Just because they also happen to appear in – or were perhaps even inspired by – the bible, doesn't mean they're christian laws.

    After all, many things appear in the bible that are anything but christian …

  9. “Last time I checked America was a democracy ”

    The United States has *never* been a democracy. It’s a *republic*. While a republic works on democratic principles, the two are not interchangeable.

    To the contrary, “democrat” was considered an insult when this country was formed. The best example of a democracy is a mob. Contrary to what many people believe, this country does not work under the “majority rules” principle, and should not. After all, if you believe that the majority should decide, then you should have no problem with the majority voting to kill someone because of their sexual orientation. After all, if the majority rules, it should be ok, right?

    The purpose of a republic- and this is lost on all those who think the general population should vote on everything- is to have a buffer between t those with power and those without. A republic helps protect the rights of the minority. It’s not perfect, but it’s better than a democracy. The direct election of senators has damaged this, and a direct election of presidents would make things worse.

    There is a difference, it’s an important difference, and we are all better off because of it. The United States is not a democracy and hopefully will never become one- because shortly after that, it will cease to be the United States in anything but name (and it’s rapidly heading there now).

  10. rebizman wrote:

    The United States is not a democracy and hopefully will never become one- because shortly after that, it will cease to be the United States in anything but name (and it’s rapidly heading there now).

    How dramatic … :roll:
    In my opinion, the United States is indeed rapidly heading towards something that’s only the US in name, and not what it was originally intended to be. But it’s not democracy that’s to blame for that, but rather the opposite. It’s because of the select few who have the power to change things, and have decided to changing it in their best interest, not in the interest of that of the people.
    The US has always teetered on the edge of theocracy, and has in the course of 200+ years managed to stay clear of the edge. But I feel that in the past 8 years it’s moved so much closer to the edge than during the rest of its existence.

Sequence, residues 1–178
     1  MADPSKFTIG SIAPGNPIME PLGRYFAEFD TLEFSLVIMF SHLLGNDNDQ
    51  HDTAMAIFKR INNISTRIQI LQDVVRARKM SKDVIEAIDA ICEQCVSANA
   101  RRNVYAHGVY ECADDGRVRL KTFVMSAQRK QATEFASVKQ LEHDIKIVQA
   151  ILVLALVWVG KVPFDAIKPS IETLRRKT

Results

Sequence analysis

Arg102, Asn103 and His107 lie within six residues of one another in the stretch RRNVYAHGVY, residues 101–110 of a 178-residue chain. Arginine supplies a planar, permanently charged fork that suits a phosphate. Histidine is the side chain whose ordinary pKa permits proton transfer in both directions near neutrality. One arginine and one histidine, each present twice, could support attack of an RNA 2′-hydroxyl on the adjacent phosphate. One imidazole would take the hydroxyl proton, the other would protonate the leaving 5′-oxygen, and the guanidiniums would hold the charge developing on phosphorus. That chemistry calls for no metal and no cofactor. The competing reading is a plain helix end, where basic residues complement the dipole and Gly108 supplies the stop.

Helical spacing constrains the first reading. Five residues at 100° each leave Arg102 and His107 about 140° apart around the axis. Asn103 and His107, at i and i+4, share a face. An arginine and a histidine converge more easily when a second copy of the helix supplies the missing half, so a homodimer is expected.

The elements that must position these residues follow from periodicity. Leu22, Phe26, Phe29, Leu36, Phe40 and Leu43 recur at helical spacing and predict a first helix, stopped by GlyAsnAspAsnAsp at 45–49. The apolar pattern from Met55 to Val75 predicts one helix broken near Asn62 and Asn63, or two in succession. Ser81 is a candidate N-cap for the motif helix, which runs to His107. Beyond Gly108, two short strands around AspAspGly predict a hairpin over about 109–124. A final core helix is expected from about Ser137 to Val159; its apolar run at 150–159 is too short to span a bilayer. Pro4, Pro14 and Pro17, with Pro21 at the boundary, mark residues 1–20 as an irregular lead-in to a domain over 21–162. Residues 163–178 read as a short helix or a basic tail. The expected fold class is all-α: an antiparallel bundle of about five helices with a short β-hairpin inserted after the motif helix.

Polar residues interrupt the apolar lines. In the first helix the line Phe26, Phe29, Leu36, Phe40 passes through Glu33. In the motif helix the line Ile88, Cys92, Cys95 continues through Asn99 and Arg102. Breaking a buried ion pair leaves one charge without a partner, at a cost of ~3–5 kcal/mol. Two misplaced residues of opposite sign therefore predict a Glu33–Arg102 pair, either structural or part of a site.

As for the majority rule, I think it’s odd you would object to the choice of the majority in favor of the choice of the elected elite. If the majority really would be crazy and demand people be murdered on account of their sexual arientation, no amount of republic is going to stop them from changing the composition of the government and impose their will. It is because the majority is against things like the death penalty that it’s slowly but steadily disappearing altogether.

    I couldn’t imagine living in a country where I’d be part of an oppressed majority. That would REALLY set the clock back 150 years to the time when the rich were the only ones who were allowed to vote, or they had more votes because they (allegedly) paid more taxes than the poor, who essentially had nothing anyway.

  11. "The US has always teetered on the edge of theocracy, and has in the course of 200+ years managed to stay clear of the edge. But I feel that in the past 8 years it’s moved so much closer to the edge than during the rest of its existence."

    Majority rules.

    Part of the reason for what you claim is a movement towards a theocracy is *because* the majority has been oppressed. The majority of the population claims a religious belief, and a vocal minority has been pushing more and more to suppress expressions of that belief through the use of government force.

    If, indeed, the United States was a democracy that worked under majority rule, daily prayer in school would have remained a requirement. It's because we do not have a majority rules system that the rights of the minority, who had been forced to participate in such prayers in the past, are protected.

    As to the "elected elite"- what do you think *Congress* is? An "elected elite" is a fundamental part of the Constitution and the republic form of government. It's the buffer that keeps the mob from running the show- at least it did until the public started voting based on who throws the most money at them personally by forcefully taking it from someone else.

    *You* may have meant something else by "elite", but that's what Congress is supposed to be, and more or less was when the Senate wasn't directly elected. Our Founding Fathers didn't create a republic because it was chic, they did it precisely because mob rule was a bad thing. As to the "quality" of the people elected, history shows that there's nothing "elite" about them.

    I'm not convinced that a "theocracy" would be worse than the current trend towards socialism. It's not the government's business to be the mommy and daddy of the people, or to be in the wealth distribution business. That's what states are for.

  12. Uhh, yes, congress is an elected Elite. Isn't that the point I was making?

    And the fact they're no "elite" in your opinion also makes the point I was making.

    The way things are going in the US, money is going to be more and more important in deciding who gets to say something. The people are still ultimately choosing who they want to represent them, but in the end, the people who get elected will do the bidding of those who pay their wage, and unfortunately, that's not the people, that's the campaign contributors. To paraphrase Penn Jjillette (I think): If you keep choosing for the lesser of two evils, things will only get more evil.